I have very strong views about people who declaw cats. I cannot, therefore, resist writing more about it to join the other articles that have been published on the internet. What prompted me was a couple of emails that I read. I have turned these emails, that are true stories, into two fictional tales to drive home the point that to declaw cats is really barbaric.
What it amazing is that the people who make arrangements for “their” darling cat to be declawed actually love their cats (presumably). In fact they sometimes declare their love for their cats. They must love their furniture more. Why love furniture more than a living creature that benefits you and which you decided to live with? Why put a creature that you love through so much pain (the post-operation pain is high)? Why risk the life of an animal you love (during the operation under anesthetic there is a chance of death) when you don’t have to for the sake of some furniture? Why risk permanent mental damage to your cat for no good reason? (the operation removes the tip of the paw and this is a fundamental part of the anatomy of a cat). How would like it and how would you feel if you lost the tips of all the fingers of both hands? Do you think you would be mentally damaged? Yes.
Yet despite all this, about 31% of Americans declaw cats (source: The Facts About Declawing and the Alternatives by Jennifer Dougherty – I don’t know if this figure is accurate. It may be out of date. If I am wrong tell me please). I find this figure hard to believe, I must say, as it is extremely high. When you consider that there are about 70-90 million domestic cats in the USA, that makes approximately 25 million cats declawed on the basis of one cat per household. Convert that to a “reservoir of pain and distress” and it seems shocking to me.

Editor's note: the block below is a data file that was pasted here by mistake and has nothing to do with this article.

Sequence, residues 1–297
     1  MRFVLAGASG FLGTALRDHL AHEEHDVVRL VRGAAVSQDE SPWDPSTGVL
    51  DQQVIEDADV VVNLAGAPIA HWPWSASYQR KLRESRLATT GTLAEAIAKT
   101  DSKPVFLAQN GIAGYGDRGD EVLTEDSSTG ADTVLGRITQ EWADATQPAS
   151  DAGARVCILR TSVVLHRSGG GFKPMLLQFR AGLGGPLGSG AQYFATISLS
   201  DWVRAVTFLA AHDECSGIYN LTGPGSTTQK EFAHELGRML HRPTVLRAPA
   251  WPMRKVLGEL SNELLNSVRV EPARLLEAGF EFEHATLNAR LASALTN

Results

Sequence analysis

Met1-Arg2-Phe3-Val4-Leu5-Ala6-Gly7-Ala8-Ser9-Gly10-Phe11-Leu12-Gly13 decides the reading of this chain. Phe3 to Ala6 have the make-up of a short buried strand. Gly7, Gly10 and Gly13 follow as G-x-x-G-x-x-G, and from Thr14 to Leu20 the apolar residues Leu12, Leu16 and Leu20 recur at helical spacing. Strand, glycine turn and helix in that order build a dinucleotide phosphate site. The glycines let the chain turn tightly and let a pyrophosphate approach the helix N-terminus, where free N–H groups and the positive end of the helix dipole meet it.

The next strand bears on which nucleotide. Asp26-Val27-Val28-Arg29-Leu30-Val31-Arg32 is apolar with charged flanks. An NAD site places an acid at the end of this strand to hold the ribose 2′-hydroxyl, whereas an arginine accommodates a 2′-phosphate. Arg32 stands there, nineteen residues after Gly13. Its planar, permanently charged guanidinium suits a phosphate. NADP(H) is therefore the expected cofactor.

The reason why humans do this to animals is because we think we are superior to animals and that we “own them” (like furniture) and can do as we please. There is also a chasm of ignorance about the effect declawing has on cats. But it doesn’t take much “insight” to realize that to declaw cats is bad in so many ways for cats. All you have to do is think of the cat as a human. This is fair and proper as the cat thinks of us as a cat. The relationship is then on a proper and balanced footing in regard to our respect for a fellow creature. I am not by the way talking about anthropomorphism (“the attribution of human motivation, characteristics, or behavior to nonhuman organisms or inanimate objects”).
What I mean is that we should all give cats the kind of respect that a fellow human would expect from you. The ads below are automatically generated by Google. An advert for declawing might come up. Please have a look at it and then refer to this article on the Psychology of Declawing Cats (opens in a new window)
Declawing Cats is a major page containing about 150 articles on the subject.
Here’s the first fictional short story: